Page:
Aureole etc.

Golden Age singers

Nimbus on-line

Faure songs
Charlotte de Rothschild (soprano);

  Founder: Len Mullenger
Classical Editor: Rob Barnett


Infinite Heartbeat
Erich Wolfgang KORNGOLD (1897-1957)

Garden Scene from Much Ado About Nothing
Lili BOULANGER (1893-1918)

John CORIGLIANO (b 1938)

Andantino from Violin Sonata
Astor PIAZZOLLA (1921-1992)

Milonga sin palabras
Le Grand Tango
Manuel de FALLA (1876-1946)

Polo Asturiana and Jota from Suite Populaire Espagnole
Sergei RACHMANINOV (1873-1943)

Vocalise Op 34/14

Drink to me only with thine eyes arr Roger QUILTER
Francis POULENC (1899-1963)

Intermezzo from Violin Sonata
Stacy GARROP (b 1970)

Lotsachotomy from Neurotichotomy
Matthew HINDSON (b 1968)

Little Chrissietinaía Magic Fantasy
Stuart GREENBAUM (b 1966)

The Infinite Heart from Violin Sonata
Gordon KERRY (b 1961)

Miki Tsunoda (violin)
Caroline Almonte (piano)
Recorded Iwaki Auditorium of the ABC Southbank Centre, Melbourne 2001-2003
ABC 476 097-2 [63.16]

Wide-ranging and somewhat exploratory this is a disc that lives up to its annotatorís claim that itís a twentieth century travelogue. Of course the corollary is you never stay in one place very long and the same is true of the sonatas that the duo espouse, which are represented by isolated movements (Poulenc, Corigliano, Greenbaum and Garrop). So what might seem a tantalising prospect in the brochure, the equivalent of a three-week holiday in the South Seas, turns out to be the equivalent of island hopping. Another day, another nationality.

Which is not to find fault with the performers or their ambition. But the programme is very bitty and I think their enthusiasms would have been better served Ė and their commitment to the repertoire better supported Ė by a more focused anthology than we have here. Korngoldís Garden Scene from Much Ado About Nothing has always had its stellar adherents but Gil Shaham has led the field on disc; I like Tsunodaís rather husky tone but one shift seems to cause her a mite of difficulty, even though she catches well the pensive moments as well as the gloriously convulsive ones. Lili Boulangerís Nocturne shows that she learned as much from Debussy as she did from Fauré. Iím afraid, though, that we have another duo that feels the need to give us some Piazzolla; I like Milonga sin palabras, itís lyrical and passionate but Le Grand Tango gives fatuousness a bad name. Tsunodaís Jota (they only play three of the Suite Populaire Espagnole) is not over bowed, and not abrasive but her rubati in Rachmaninovís Vocalise are a little precious. She strays into Marjorie Hayward territory in the geographical visit to Blighty, Drink to Me Only With Thine Eyes, in the arrangement by Roger Quilter but this is very light fare indeed when judged against Poulencís desperate Sonata and Coriglianoís clear eyed rhythmic drive in his. Then there are the younger composers. Garropís isolated movement is a scurrying moto perpetuo type affair with tone row emphases and a tango let loose on the feast; Hindson drives motorically, abrasive "death metal" influences (man, Iím too old for death metal, whatever it is) and Greenbaum gives us stillness, albeit with a certain restless feel to it. I liked Gordon Kerryís Dream and its evocation of things Eastern. Iíd like to hear more of him.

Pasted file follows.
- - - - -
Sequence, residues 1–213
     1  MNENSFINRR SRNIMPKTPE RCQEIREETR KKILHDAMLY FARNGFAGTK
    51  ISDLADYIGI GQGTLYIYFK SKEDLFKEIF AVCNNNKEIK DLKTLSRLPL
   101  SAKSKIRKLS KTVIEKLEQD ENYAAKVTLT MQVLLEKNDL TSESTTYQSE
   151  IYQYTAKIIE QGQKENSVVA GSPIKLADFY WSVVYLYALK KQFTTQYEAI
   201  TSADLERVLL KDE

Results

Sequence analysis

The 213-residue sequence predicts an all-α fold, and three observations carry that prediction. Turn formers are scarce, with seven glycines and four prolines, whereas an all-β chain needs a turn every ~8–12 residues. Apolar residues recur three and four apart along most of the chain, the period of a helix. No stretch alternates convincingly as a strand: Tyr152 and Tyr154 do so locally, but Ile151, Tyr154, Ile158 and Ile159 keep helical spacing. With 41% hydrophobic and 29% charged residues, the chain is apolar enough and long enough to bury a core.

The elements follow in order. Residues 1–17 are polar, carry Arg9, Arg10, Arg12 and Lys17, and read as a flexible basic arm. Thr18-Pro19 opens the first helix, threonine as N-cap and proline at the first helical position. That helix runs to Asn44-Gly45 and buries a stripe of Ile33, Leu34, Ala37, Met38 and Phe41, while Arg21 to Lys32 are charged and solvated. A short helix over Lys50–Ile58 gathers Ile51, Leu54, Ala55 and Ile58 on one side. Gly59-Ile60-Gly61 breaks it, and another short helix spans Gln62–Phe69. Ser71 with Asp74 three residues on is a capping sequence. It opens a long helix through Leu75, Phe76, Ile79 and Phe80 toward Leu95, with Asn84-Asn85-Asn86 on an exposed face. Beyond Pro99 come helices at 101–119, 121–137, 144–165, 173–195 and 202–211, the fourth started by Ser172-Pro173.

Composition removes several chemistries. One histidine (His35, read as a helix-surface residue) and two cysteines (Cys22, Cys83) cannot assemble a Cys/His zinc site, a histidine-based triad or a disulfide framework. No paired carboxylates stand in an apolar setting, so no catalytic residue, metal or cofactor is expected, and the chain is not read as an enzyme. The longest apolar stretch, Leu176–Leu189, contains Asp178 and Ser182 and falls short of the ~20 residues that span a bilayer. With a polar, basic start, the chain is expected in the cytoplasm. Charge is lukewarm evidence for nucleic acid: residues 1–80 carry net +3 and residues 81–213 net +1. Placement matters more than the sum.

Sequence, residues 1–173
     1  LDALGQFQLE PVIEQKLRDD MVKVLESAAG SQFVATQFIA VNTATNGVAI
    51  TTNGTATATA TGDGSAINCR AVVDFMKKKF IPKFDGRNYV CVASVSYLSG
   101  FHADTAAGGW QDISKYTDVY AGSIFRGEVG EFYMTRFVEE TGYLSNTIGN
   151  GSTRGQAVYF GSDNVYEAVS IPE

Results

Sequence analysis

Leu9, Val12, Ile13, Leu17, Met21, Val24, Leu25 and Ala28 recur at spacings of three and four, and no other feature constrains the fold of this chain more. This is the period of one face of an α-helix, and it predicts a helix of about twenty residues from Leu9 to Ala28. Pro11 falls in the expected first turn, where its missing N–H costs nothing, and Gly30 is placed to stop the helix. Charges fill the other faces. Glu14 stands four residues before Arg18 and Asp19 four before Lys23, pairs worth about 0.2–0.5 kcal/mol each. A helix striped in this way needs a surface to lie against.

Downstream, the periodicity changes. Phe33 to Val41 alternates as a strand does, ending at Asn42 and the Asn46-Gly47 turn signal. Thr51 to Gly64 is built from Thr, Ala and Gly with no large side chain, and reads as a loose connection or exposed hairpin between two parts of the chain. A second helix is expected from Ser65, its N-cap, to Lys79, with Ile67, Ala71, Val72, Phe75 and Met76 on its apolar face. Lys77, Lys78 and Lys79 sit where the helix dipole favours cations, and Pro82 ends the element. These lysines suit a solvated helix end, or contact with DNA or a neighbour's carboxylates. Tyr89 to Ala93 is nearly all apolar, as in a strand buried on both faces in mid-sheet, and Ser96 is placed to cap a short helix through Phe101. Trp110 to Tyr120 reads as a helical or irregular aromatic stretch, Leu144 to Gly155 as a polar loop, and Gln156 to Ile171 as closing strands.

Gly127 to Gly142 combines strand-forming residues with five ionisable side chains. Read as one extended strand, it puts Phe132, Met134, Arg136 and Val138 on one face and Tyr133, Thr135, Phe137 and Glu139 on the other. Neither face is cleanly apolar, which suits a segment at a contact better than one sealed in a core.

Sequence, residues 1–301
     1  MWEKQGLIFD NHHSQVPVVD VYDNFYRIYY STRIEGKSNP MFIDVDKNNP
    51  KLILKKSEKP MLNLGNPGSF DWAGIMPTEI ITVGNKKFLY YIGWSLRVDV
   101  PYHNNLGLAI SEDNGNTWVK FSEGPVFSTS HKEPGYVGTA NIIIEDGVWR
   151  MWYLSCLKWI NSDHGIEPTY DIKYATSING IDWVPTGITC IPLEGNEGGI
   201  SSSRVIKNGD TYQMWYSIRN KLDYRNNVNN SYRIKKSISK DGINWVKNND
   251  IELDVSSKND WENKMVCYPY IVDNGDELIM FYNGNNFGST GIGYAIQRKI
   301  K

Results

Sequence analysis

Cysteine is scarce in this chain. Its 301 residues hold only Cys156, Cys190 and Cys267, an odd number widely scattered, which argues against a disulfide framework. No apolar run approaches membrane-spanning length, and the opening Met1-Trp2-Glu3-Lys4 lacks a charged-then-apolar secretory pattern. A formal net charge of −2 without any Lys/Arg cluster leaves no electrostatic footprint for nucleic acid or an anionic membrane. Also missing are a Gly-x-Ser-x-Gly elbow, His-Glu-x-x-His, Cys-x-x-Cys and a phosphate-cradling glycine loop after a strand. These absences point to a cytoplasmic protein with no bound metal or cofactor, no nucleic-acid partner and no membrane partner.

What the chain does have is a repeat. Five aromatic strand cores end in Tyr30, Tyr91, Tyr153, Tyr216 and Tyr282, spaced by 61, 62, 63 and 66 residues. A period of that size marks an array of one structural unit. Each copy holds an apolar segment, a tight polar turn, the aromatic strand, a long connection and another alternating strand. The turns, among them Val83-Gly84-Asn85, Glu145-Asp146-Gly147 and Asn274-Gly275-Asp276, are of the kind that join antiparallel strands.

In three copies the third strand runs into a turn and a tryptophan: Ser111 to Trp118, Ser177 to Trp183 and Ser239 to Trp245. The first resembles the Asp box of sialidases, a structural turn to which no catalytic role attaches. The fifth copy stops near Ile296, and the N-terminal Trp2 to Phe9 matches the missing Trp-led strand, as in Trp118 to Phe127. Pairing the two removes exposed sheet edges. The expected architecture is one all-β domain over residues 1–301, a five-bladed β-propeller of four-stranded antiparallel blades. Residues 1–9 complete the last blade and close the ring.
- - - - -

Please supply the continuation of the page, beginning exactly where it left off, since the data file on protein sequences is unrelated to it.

The notes by Anna Goldsworthy are invigorating and full and I liked them. In truth Iíve no idea at whom this disc is aimed but in the spirit of its compilation I hope its appeal will be geographically widespread.

Jonathan Woolf



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